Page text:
I think she had the same feeling, Gary said. She was fascinated with anything to do with twins, and her greatest regret was not having siblings. But she never knew that she was adopted or she would have gone looking for you, too. Tell me, Gary, what was she like? Kira asked eagerly.
And so Gary spent the rest of the afternoon talking about Esther her lovely laugh, her irresistible sense of humor, her kindness. Gary and Kira made plans to meet the next day so Gary could bring the photo albums and show her his mementos of Esther. As Kira slowly leaped through a photo album, she sighed. It’s like looking at myself, living a different reality, Kira said. We really were identical.
I’ve got to show this to my children. With your permission, Esther and Kira were given up for adoption to different families. You have children? Gary asked. How many?
Six Kira smiled. Four girls and two boys, and I already have two grandbabies. And they’re identical twins, just like me and Esther. I have cousins? Gary asked.
I have a family. You do, Kira said. But in reality, since Esther and I were genetically identical, they’re your half brothers and sisters. The following weekend, there was a crowd around Esther’s grave. Kira came and brought her husband and her children and her grandchildren to meet Gary and placed flowers on her long lost sister’s grave.
Gary became part of a big family. For the first time in twelve years, Gary didn’t walk away alone. He was surrounded by a loving family that belonged to him. As Kira put her arm around his shoulders, Gary knew that the dark and lonely days were over. He was sure that somewhere Esther was watching and smiling.
What can we learn from this story when the people we love move on to a better place, we don’t grieve for them. We grieve for our loneliness. Gary was devastated by his mother’s early death and never got over it. Don’t give in to despair, because a brand new life and happiness may be waiting for you just around the corner. Gary never imagined he’d meet his mother’s twin and find a large and loving family.
The loss of my mother literally shocked my soul. That one person who had been with me from the moment I took my first breath, suddenly gone with the click of my fingers. It took me a long time to get over that period of shock. It didn’t feel real for such a long time. I didn’t grieve like most would.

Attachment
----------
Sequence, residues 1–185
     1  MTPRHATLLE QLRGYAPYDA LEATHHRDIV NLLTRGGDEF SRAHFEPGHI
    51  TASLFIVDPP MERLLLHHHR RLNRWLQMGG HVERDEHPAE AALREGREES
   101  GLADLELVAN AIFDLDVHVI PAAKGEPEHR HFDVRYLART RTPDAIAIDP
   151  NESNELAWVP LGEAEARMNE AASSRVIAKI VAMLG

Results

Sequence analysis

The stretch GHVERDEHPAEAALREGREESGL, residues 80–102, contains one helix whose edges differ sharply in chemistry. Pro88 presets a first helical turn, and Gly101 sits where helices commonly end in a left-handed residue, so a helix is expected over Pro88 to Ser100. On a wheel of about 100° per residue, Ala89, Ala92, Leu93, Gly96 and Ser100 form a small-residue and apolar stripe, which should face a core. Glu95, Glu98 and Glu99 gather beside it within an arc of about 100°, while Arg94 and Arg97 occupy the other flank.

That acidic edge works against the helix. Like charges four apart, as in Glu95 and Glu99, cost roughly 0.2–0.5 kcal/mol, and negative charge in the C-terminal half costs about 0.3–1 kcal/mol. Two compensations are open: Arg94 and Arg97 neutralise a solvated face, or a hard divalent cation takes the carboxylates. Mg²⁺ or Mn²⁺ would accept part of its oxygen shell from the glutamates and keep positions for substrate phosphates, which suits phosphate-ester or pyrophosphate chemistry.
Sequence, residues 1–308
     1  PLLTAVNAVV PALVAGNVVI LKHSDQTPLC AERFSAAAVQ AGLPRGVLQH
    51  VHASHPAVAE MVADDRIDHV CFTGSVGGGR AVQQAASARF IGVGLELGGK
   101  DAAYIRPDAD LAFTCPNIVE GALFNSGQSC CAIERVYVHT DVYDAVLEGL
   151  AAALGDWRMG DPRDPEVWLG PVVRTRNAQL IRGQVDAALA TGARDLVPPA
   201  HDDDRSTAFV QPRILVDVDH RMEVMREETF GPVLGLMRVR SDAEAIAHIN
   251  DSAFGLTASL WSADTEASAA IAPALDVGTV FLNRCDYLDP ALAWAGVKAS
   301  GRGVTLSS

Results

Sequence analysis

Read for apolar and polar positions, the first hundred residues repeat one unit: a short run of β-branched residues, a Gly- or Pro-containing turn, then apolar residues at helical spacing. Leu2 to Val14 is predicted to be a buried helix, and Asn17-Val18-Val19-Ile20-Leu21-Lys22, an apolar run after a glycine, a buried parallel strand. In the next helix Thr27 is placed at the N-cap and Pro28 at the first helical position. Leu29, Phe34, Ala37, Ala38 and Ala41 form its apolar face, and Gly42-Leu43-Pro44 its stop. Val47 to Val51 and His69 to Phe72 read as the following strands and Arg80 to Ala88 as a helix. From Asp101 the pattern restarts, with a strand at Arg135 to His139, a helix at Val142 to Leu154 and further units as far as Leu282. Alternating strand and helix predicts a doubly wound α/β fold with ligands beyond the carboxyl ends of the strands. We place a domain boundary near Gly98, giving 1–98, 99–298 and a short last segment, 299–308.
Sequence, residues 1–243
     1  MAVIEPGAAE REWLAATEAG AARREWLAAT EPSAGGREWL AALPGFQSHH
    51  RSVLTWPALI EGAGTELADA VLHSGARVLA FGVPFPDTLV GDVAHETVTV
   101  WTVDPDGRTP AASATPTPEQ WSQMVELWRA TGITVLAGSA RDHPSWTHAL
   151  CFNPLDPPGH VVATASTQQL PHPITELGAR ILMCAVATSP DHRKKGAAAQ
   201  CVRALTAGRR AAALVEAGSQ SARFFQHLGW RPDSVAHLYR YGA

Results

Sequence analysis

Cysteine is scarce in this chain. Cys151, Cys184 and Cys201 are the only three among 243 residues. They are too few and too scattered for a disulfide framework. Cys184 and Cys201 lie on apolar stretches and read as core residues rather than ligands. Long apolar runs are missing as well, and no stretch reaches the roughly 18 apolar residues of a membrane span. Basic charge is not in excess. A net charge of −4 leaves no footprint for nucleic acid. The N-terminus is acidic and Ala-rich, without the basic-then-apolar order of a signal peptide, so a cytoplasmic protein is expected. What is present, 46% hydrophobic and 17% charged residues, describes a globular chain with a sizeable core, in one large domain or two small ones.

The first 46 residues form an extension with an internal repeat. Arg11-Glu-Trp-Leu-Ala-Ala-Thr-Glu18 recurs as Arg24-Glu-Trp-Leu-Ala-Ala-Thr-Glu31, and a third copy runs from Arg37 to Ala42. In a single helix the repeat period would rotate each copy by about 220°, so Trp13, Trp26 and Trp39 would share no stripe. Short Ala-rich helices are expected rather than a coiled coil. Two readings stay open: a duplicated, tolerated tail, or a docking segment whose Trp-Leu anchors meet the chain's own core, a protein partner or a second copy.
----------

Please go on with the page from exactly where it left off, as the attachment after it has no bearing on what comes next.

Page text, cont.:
I wasn’t in floods of tears mourning the loss of my mother. Once that shock passed, I became angry. Angry that she left me, angry that she didn’t seek medical help sooner. I sucked all my grief up with only anger remaining. Many people, even myself, try not to mention stress about this harsh reality to those who have yet to make their lives and find their ways.
This is mostly a topic where those who are old need an open acceptance to it. I mean, they’re preparing themselves mentally and emotionally. That is why they say it on each step they’re passing through. However, I’m extremely sorry to say this to you much earlier. That is a fact which you could not have avoided.
Losing a mother for a child at any age is, I tell you, very traumatic. However, you’re very young. I can understand and feel your pain. Even though four years have passed. However, you’re unable to cope.
That she has gone from your life forever. You have every right to feel it, to mourn it, to miss her terribly and intensely, behave in that way. It’s not abnormal. It’s absolutely normal. We, as human beings are helpless.
That is the core to this answer. You must have seen people around you are normal. It’s an irony. The one who is passing through this trauma gets affected, not the others. These are shifts and it keeps on moving.
Today it’s here, tomorrow the next life keeps on moving. It does not stop. It has to move should not be stopped. Every mother wants to be present for their children. That must be the biggest solo dream of each mother that I bring up my child as far as much as I could.
She wants to see him big and successful in every step of his life. Your mother was full of these aspirations. She wanted you to become and achieve the best. She did not want to leave you, but she was helpless. She left you much early which she must not have imagined.
I’m sorry to prepare you for this reality. I’m sure there must be many others, your family, teachers, friends who have been asking you to accept it. The most important it is for the sake of your mother. You need to pull along with life. Had she been there with you, you would have wanted to do your best.